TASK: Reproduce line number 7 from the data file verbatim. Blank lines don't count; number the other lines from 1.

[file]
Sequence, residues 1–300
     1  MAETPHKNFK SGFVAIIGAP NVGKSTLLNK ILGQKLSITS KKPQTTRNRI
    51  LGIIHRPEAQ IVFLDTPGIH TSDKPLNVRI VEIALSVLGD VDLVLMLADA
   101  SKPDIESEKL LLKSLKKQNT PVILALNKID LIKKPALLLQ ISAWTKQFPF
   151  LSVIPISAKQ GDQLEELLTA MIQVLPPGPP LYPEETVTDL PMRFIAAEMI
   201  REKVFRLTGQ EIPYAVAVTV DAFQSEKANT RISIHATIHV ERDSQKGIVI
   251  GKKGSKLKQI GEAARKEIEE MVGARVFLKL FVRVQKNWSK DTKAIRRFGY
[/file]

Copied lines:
   251  GKKGSKLKQI GEAARKEIEE MVGARVFLKL FVRVQKNWSK DTKAIRRFGY